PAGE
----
- The U.S. recently reported a record increase in cases, with spikes seen in states that are well underway in their reopening process.
- Infectious disease experts said the country needs a unified approach to tackle the rising cases of coronavirus infection and people should not get a false sense of security that a vaccine is just around the corner.
- The U.S. has the highest number of reported cases and death toll in the world — more than 2.8 million people have been infected and close to 130,000 people have died from Covid-19.
The United States needs a unified approach to tackle the rising cases of coronavirus infection and people should not get a false sense of security that a vaccine is just around the corner, infectious disease experts said on Monday.
The U.S. recently reported a record increase in cases, with spikes seen in states that are well underway in their reopening process. Over the Fourth of July holiday weekend, Florida and Texas faced a surge of cases, leaving state and local governments struggling to gain the upper hand in containment efforts.
Still, the rising case numbers have caused many states to change their recovery plans, delay reopening measures and re-introduce restrictions on businesses.
"What we are seeing, certainly, is this virus (is) spreading across the states like a wildfire," said Joshua Barocas, an assistant professor of medicine at Boston University and an infectious diseases physician at the Boston Medical Center.
He explained that states need to impose tighter restrictions on indoor gatherings. He said the surge in places like Florida and Texas should serve as a warning to other states, such as New Jersey or Massachusetts, where the infection spread appears to have slowed for now.
"What we actually need is a comprehensive, unified approach to this," he said on CNBC's "Squawk Box Asia" on Monday. "We need people at all levels of government and society backing up one strategy – and that strategy, really at this point, while we're waiting for effective vaccines, effective treatments, we need this to be a preventive strategy."
He clarified that does not mean a complete lockdown or that people cannot ever leave their houses again.
"It simply means avoiding sharing items, physically distancing when you're out in public, wearing a mask — these are fairly straightforward, fairly truthfully simple things to follow that are actually going to prevent more surges and more economic turmoil, to be perfectly frank," Barocas said.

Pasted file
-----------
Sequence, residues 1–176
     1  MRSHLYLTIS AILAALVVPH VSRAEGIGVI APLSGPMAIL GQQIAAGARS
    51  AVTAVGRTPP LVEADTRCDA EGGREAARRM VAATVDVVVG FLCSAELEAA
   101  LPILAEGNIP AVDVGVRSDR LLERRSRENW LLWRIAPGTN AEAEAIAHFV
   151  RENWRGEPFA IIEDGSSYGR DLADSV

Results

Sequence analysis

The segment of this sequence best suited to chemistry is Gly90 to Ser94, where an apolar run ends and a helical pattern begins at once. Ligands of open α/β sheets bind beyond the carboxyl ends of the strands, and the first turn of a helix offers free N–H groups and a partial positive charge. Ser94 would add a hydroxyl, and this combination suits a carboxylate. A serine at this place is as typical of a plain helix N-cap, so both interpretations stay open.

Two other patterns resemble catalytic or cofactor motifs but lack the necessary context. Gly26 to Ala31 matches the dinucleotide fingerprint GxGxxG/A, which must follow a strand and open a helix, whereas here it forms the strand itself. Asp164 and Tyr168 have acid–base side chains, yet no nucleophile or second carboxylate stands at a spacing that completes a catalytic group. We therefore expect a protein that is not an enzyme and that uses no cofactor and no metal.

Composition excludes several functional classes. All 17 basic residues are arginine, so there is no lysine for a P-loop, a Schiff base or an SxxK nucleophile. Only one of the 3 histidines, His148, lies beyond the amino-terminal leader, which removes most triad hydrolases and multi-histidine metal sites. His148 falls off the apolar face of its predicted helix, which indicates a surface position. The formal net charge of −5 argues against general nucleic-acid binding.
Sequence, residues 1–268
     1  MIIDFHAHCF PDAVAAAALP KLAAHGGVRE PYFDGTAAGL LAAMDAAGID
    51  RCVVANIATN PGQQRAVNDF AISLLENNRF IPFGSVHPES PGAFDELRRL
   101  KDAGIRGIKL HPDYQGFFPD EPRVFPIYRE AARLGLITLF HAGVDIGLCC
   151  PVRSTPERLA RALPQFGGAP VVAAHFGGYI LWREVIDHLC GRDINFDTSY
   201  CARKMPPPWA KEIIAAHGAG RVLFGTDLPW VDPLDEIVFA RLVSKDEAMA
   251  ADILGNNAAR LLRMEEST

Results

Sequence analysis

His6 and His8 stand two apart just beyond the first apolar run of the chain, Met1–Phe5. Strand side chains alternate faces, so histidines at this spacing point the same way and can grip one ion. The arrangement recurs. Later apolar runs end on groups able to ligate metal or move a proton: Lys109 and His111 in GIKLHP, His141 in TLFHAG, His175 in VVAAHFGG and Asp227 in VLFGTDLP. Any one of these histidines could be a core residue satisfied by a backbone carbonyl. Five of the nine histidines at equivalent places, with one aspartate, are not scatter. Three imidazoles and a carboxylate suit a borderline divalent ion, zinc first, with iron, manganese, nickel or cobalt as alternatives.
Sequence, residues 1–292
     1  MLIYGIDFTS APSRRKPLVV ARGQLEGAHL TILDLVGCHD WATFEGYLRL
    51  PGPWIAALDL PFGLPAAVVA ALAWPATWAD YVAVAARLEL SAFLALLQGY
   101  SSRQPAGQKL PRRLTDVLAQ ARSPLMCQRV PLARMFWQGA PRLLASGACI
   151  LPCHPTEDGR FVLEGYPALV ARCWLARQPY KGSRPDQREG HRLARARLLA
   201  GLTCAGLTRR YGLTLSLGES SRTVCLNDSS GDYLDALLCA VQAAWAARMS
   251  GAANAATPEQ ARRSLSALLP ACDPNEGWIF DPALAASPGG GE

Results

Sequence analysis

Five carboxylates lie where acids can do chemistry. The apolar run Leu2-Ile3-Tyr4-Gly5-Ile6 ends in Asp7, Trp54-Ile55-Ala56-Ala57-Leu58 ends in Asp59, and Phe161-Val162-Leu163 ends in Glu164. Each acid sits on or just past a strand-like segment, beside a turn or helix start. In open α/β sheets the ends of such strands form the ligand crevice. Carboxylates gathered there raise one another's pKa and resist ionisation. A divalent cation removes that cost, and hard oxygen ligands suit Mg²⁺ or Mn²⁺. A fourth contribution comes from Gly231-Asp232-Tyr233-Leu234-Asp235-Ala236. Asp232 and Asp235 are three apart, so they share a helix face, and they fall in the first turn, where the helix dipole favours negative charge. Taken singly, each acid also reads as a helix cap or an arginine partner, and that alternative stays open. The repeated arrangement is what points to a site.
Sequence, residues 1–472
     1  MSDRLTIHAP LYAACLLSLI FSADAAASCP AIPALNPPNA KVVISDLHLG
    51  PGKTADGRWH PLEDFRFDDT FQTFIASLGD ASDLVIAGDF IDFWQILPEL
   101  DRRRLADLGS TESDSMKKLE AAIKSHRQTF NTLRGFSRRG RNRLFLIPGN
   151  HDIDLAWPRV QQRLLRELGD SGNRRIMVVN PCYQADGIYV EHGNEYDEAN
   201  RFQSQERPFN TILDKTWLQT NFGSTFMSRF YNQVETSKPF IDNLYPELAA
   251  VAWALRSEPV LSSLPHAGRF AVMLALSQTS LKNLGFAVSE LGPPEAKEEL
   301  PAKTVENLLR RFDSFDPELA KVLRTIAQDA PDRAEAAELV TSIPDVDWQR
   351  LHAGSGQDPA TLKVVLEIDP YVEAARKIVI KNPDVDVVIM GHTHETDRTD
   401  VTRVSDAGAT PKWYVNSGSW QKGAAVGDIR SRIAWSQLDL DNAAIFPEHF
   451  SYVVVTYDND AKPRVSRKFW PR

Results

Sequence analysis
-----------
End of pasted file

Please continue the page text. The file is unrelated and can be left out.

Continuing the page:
The U.S. has the highest number of reported cases and death toll in the world — more than 2.8 million people have been infected and close to 130,000 people have died from Covid-19.
Multiple vaccines for the disease are being tested, with many of them undergoing clinical trials, meaning they are being tested on human volunteers.
Barocas said it takes time and a lot of steps to develop a vaccine and that "we are not necessarily very close to 'a magic bullet' treatment either." That makes it more crucial for people to "play on the same team" by doing their part in hand washing, social distancing and wearing masks, he added.
Even if a vaccine is quickly developed, there will likely not be enough of it to "make a dent" on the virus by the end of the year or by early 2021, according to Amesh Adalja.
Adalja, an infectious disease expert, is a senior scholar at the Johns Hopkins University Center for Health Security.
"I think we may have some batches of vaccine at that point but we're not going to have enough to vaccinate the U.S population or the world's population," he said on CNBC's "Street Signs Asia."
"We will be contending with this virus for a long time without a vaccine and I don't want people to get a false sense of security that a vaccine is just around the corner even though we are making great strides towards one," Adalja added.
He also explained that breaking the chains of transmission in places like Florida, Texas and Arizona, where outbreaks have surged, is crucial to prevent hospitals from being inundated with patients.
Globally more than 11.4 million people have been infected and over half-a-million have died, according to Hopkins data.